“I ate the whole box of cookies for lunch, but they’re fat-free and low-calorie, so I didn’t do too bad, right?” The young woman at the park was just making conversation, and she didn’t know I was a nutritionist, so she probably wondered why I didn’t congratulate her or smile my implied approval.
After Auburn won the 2010 national championship, I stopped listening to sports talk radio. It turned out to be a wonderful thing. I switched from sports to NP, where I heard a review of What Are Intellectuals Good For? by George Scialabba, read it, and then launched into the New York Intellectuals: Christopher Lasch, Philip Rieff, Richard Rorty, and others.
It was my third visit to the lab in as many days. I was still reeling from my recent breast cancer diagnosis, and though the blood draws were now familiar, I was unsure of what to tell her. All I knew was that I had just taken off more time from work and from life, to make yet another co-pay to another doctor for the same set of lab work that I knew would be known in the industry as medically unnecessary.
Take our downtown back. By Cherivs Isom Most Birmingham residents have no memory of a time before the interstate system fractured our city. It was a time when the street grid connected the downtown to its urban communities. I would walk from my home in Norwood near Carraway Hospital to Phillips High School in… Read More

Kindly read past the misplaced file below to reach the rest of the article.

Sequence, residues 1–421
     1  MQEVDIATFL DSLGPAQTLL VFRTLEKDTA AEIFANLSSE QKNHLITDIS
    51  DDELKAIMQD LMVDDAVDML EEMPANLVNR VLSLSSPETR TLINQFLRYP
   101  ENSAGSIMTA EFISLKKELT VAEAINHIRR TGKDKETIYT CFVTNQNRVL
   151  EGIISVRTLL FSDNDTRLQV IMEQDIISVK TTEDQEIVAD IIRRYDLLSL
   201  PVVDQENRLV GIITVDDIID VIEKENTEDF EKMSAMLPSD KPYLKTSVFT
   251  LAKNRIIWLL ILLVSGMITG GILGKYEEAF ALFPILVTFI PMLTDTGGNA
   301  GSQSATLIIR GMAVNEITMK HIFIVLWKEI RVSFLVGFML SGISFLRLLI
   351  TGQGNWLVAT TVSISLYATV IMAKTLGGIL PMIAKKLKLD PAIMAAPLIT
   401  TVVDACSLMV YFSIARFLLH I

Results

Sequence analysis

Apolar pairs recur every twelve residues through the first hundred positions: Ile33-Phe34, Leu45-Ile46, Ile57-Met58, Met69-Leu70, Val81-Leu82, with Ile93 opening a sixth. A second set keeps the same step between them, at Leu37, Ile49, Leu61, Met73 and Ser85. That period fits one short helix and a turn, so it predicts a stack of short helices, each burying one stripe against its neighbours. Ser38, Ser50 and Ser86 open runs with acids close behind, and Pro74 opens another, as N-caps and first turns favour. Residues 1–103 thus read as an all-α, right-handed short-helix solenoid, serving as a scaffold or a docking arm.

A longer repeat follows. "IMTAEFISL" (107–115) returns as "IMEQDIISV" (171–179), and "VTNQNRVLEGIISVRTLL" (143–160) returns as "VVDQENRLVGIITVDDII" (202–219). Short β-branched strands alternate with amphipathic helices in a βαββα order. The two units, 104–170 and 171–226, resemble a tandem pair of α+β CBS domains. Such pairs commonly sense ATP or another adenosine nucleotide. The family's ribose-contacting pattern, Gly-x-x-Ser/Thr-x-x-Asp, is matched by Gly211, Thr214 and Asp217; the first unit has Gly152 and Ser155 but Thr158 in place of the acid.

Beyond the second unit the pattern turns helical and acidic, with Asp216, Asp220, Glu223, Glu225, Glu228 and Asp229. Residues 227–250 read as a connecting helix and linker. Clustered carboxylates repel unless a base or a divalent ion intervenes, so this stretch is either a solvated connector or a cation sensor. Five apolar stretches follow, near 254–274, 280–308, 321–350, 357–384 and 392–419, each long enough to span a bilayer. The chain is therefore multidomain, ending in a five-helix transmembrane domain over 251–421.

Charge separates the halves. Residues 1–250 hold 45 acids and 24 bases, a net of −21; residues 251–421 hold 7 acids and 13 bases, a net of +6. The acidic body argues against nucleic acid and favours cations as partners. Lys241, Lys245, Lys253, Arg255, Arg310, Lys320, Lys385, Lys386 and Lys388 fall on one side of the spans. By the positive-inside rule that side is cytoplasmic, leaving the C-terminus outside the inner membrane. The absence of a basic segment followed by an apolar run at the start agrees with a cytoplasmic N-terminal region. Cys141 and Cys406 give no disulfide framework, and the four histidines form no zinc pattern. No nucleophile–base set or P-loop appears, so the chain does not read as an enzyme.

By John Paul Strong My first memories of going to work with my dad take me back to when I was about 5 years old. He would take me to his office a couple of times in the summer. I remember coloring and drawing pictures of cars that mimicked the advertisements they were creating…. Read More
The pairing of artists and the disabled yields uncommon benefits. By Joe O’Donnell Art brought John Donley and Nabeel Emaish together. Emaish is an artist, working currently at Earthborn Pottery, honing his skills in clay. Donley has an intellectual disability and has used art to push his intellect and visual ability into new areas of… Read More